Guy on Simulink

Simulink & Model-Based Design

How do you think about virtual buses?

Today I present for your reading pleasure a continuation of our discussion on mux and bus signals. Last week we looked at the advanced uses of Mux Blocks. This week I want to discuss the mental model of virtual bus signals.

We start with a simple bus model

A simple bus demo model

I have slightly modified the busdemo.mdl example that ships with Simulink to make my simplebusdemo.mdl. Buses are used to route signals around complex diagrams, and this model is not complex, so bear with me. In addition, bus signals usually pass through levels of hierarchy, but for convenience, I am keeping everything at a single level.

The mental model of the bus

In a previous post, I talked about the mental model of the bus as a tie-wrap of wires. I imagine the rainbow bundle of wires gathered together at the bus creator, and just the wires I am interested in emerging from the bus selector. Virtual bus signals are simply a graphical convenience and do not change the behavior of the model.

What do you mean by a virtual bus?

When you look at the bus creator block, you will notice that there is a box to check labeled "Output as nonvirtual bus". Unless this is checked, a virtual bus signal is output.

Bus creator dialog, note, nonvirtual bus is unchecked

The Bus Creator and Bus Selector dialog show the contents of the bus by signal name. These signals (the individual colored wires) are arranged hierarchically by their connections to the Bus Creator blocks. The Bus Creator blocks do not actually change the signals, and so we can call these virtual buses. The diagram represents the bus as we draw it, and this keeps everything nice and organized for us.

What does Simulink do with the bus?

Simulink needs to know the actual sources that feed into the bus, and the destination blocks that are connected to the outputs of the Bus Selector. Simulink gets this information in the first part of the simulation process during Update Diagram. Before the model runs, Simulink compiles the diagram into an internal representation. This compile process is part of Update Diagram. You can force Simulink to compile the diagram through the menu Edit->Update Diagram, or use the hot-key Ctrl-D.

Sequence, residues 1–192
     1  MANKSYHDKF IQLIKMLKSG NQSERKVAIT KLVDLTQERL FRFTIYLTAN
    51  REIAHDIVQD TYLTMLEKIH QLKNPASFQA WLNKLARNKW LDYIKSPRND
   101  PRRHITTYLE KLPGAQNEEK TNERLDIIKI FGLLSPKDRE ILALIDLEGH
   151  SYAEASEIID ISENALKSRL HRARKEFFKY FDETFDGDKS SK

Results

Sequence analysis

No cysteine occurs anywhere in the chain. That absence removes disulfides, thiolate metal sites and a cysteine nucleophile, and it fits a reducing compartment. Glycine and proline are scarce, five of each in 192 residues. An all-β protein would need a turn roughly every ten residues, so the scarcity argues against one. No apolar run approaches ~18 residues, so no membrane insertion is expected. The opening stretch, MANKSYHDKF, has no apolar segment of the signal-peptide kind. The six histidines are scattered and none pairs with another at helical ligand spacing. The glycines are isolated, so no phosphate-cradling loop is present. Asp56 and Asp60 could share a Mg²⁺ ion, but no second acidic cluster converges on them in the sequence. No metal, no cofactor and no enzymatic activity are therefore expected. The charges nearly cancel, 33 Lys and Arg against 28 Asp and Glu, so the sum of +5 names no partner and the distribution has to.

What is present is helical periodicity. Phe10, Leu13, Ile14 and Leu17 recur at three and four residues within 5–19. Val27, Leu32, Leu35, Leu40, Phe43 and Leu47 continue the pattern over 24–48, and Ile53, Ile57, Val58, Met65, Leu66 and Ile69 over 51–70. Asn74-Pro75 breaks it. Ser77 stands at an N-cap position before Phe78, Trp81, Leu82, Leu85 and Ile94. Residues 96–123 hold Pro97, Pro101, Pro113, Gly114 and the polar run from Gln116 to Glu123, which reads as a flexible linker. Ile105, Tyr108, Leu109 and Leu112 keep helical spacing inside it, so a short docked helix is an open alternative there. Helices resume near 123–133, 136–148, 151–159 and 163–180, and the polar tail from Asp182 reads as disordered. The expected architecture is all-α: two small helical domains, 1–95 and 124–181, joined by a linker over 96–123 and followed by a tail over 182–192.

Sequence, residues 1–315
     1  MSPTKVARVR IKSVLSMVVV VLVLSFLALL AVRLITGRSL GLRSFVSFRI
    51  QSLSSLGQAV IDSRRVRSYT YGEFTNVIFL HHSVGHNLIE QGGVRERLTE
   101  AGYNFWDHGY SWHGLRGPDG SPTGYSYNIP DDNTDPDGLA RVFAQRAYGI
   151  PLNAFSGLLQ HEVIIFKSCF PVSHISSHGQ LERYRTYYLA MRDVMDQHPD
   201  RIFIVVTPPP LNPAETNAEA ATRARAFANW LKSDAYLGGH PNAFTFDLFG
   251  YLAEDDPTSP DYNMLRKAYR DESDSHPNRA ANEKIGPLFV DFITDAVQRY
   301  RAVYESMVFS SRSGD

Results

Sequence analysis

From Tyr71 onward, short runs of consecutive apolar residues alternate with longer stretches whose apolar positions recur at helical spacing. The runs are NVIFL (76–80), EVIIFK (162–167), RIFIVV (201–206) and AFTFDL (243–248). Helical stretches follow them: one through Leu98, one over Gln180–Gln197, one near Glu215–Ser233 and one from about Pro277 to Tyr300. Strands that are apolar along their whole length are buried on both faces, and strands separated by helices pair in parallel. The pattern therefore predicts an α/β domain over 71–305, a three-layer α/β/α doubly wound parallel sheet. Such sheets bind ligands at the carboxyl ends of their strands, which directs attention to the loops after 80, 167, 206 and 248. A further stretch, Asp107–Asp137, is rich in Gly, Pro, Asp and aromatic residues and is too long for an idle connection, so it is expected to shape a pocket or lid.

Update diagram analyzes the model to make sure that it conforms to the semantics of Simulink. I have not always thought of Simulink as a programming language, but when I draw the diagram, I am actually programming! The compiled internal representation removes any unnecessary stuff in the model. In our model, there are five inputs and two outputs. To calculate the outputs we only need the Pulse and Chirp signals. So what happens to the other signals?

When you update the diagram, it is equivalent to a wiring of the actual sources directly to the blocks consuming those signals. Simulink does not include the virtual bus in its internal representation. We can imagine the internal Simulink representation for our simple bus model, after update diagram:

Simple bus demo without the bus

Virtual buses are efficient

Virtual bus signals are efficient because Simulink optimizes the unused signals out of the model. For many of the large models I work with, virtual buses keep the diagram organized and do not add overhead in the model. If you go back to our mental model of the rainbow bundle of wires, the unused signals are essentially like wires that only connect at one end. They might be a part of the bundle, but there is nothing connected at the destination. Simulink only needs to keep track of the wires that run from a source to a destination.

When I want to see another view on the internal representation in Simulink, I use the Real-Time Workshop to generated C-code. The integration of Simulink and Real-Time Workshop allow you to convert the model in to C-code that is appropriate for running on a real-time embedded system.

If you did not believe me that Simulink gets rid of the virtual bus, look at the C-code. There is no evidence of bus signals here:

   27     /* Outport: '<Root>/Out1' incorporates:
   28      *  Gain: '<Root>/Gain'
   29      *  Inport: '<Root>/In4'
   30      */
   31     simplebusdemo_Y.Out1 = 2.0 * simplebusdemo_U.Pulse;
   32   
   33     /* Outport: '<Root>/Out2' incorporates:
   34      *  Gain: '<Root>/Gain1'
   35      *  Inport: '<Root>/In1'
   36      */
   37     simplebusdemo_Y.Out2 = 3.0 * simplebusdemo_U.Chirp;

All that remains are the connections from the Pulse and Chirp inputs (part of the input signals structures model_U) to the gain blocks (which have been in-lined in the code) to the outputs.

Back to basics

I am eager to get into nonvirtual bus signals; however, I think it is important to review the basics before we jump into the advanced. Did you already know this? Does this fit with your mental model of virtual bus signals? Leave a comment and tell me about it.

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